Nurse Betty

Laura Clifford
Robin Clifford

Betty Sizemore's (Renie Zellweger, "Me, Myself & Irene") nursing dreams were dashed by her boorish car-salesman husband Del (Aaron Eckhart, "Erin Brokovich"). She spends her days waitressing at the local Tip Top diner and losing herself in 'A Reason to Love,' the hospital set soap whose lead character, Dr. David Ravell (Greg Kinnear, "As Good As It Gets") gives Betty a reason to live. When Betty witnesses two hitmen kill her husband, she totally loses her grip with reality and travels to LA to find her true love in "Nurse Betty."

Betty Sizemore (Renee Zellweger) is a waitress at a little diner in Kansas City. She's married to an abusive bully named Del (Aaron Eckhart) who sells used cars and is involved in some pretty shady dealings. It's no wonder that the highlight of Betty's day is to watch the videotape of her favorite soap opera, "A Reason to Love" each evening. While watching her show one night, she witnesses the murder of her husband by two strangers over a drug deal. The killers don't see her and Betty goes into a kind of amnesiac state, forgetting her real life and suddenly believes she is the ex-fiance of the fictional Dr. David Ravell (Greg Kinnear) from her television story. She leaves Kansas for LA in search of her beloved (in her mind) doctor, not knowing she has two very upset hit men on her trail in director Neil LaBute's "Nurse Betty."

Neil Labute is not known for his bouts of lighthearted whimsy - if you witnessed his previous films, "In the Company of Men" and "Your Friends and Neighbors," you'll know what I mean. "Nurse Betty" hardly seems the kind of story the more darkly natured director would take on for his third work. But, it is a good decision and marks LaBute as a multitalented up and comer in the industry.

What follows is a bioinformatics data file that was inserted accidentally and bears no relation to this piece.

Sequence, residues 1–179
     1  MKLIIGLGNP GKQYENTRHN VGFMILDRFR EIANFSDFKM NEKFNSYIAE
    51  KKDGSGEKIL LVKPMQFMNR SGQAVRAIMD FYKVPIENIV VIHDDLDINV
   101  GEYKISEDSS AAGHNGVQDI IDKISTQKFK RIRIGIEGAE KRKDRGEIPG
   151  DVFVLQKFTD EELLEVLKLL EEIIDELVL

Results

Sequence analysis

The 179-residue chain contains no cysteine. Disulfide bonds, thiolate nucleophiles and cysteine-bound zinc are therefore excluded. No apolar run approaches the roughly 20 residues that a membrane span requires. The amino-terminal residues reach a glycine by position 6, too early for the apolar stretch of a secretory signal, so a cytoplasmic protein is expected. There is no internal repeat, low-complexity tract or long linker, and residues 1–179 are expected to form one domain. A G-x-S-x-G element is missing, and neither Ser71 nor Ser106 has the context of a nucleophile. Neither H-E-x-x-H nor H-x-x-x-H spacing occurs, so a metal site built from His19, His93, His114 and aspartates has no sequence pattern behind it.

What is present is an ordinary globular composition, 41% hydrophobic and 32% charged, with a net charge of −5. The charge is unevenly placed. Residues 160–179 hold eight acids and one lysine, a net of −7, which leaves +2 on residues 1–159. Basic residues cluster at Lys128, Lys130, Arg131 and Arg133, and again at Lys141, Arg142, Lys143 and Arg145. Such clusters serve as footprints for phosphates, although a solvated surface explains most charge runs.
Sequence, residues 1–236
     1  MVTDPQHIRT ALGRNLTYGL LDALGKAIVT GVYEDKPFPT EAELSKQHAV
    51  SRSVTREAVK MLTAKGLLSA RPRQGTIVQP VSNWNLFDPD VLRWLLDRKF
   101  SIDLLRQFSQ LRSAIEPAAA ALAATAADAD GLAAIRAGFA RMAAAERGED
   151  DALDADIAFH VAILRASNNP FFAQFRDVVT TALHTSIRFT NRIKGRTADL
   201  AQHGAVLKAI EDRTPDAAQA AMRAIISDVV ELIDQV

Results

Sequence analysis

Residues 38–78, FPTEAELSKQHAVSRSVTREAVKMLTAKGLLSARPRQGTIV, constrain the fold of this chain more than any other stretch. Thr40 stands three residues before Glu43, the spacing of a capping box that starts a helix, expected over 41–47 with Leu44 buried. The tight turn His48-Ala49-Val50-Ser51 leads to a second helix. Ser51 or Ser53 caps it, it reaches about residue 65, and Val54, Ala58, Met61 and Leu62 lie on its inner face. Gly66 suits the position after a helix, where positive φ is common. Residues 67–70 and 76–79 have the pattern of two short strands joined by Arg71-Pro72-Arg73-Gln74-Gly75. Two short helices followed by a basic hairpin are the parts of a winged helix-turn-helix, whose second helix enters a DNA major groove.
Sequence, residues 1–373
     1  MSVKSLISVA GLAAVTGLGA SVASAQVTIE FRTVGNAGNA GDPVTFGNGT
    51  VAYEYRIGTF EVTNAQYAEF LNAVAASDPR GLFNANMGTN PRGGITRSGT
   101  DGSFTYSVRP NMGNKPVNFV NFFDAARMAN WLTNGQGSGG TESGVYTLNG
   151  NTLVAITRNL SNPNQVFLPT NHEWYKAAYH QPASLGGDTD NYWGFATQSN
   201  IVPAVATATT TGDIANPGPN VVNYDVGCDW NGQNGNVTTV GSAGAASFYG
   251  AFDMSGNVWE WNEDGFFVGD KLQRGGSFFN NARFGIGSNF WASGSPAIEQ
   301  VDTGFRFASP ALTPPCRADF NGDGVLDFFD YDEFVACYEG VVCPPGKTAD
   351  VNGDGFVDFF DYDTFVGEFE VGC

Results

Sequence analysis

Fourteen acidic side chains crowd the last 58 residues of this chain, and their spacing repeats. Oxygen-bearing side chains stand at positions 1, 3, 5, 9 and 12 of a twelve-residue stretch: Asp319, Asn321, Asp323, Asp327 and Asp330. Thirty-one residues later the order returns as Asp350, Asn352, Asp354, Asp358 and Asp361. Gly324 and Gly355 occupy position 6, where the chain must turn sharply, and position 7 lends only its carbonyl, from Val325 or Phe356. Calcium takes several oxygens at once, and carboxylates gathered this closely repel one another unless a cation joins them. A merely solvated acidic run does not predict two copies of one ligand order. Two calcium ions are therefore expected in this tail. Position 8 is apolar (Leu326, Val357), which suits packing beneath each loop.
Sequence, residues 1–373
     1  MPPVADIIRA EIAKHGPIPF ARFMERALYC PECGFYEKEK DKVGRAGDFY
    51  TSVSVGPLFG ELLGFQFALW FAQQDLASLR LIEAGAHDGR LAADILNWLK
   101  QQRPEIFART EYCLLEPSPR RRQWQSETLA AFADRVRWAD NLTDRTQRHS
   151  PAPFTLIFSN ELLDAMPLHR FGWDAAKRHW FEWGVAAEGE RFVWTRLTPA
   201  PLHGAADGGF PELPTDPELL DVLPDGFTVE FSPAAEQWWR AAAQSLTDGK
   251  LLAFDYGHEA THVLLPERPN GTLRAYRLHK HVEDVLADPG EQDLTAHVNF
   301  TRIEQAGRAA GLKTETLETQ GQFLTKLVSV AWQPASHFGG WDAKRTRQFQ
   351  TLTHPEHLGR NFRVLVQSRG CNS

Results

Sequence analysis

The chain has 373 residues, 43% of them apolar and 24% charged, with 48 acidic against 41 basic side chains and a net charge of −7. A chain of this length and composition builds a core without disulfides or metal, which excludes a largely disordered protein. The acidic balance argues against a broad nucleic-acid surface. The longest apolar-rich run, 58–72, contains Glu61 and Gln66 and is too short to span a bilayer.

The rather conventional concept of the heroine going on the lam to escape the vengeful bad guys is skewed 180 degrees, in the script by newcomer James Flanberg, with the intro of Betty's unusual amnesia, triggered by Del's untimely, violent (though not entirely undeserved) death. The sudden shock to the system propels her to fall under the delusion that "A Reason to Love" is real life and that she jilted Dr. David a year and a half before. Realizing the error of her ways, in her confused mind, she packs her stuff up and heads to LA to make things right with her handsome ex-fiance.

Meanwhile, the two hit men, Charlie (Morgan Freeman) and Wesley (Chris Rock), are frantic when they realize that both Betty and a Buick loaded with their drugs are gone. They, too, head across country looking for clues as to where Betty will show up. Charlie, at first, thinks that Betty is a "cunning, ruthless woman" who coldly took off with the drugs that were the cause of Del's death. As he and his cynical partner Wes try to find her trail, Charlie begins to fall for the pretty Betty as he gazes at her photo and builds an image of her in his mind as they cross the country. By the time the pair hit LA, Charlie is thoroughly smitten by the idea that he has fallen for Betty.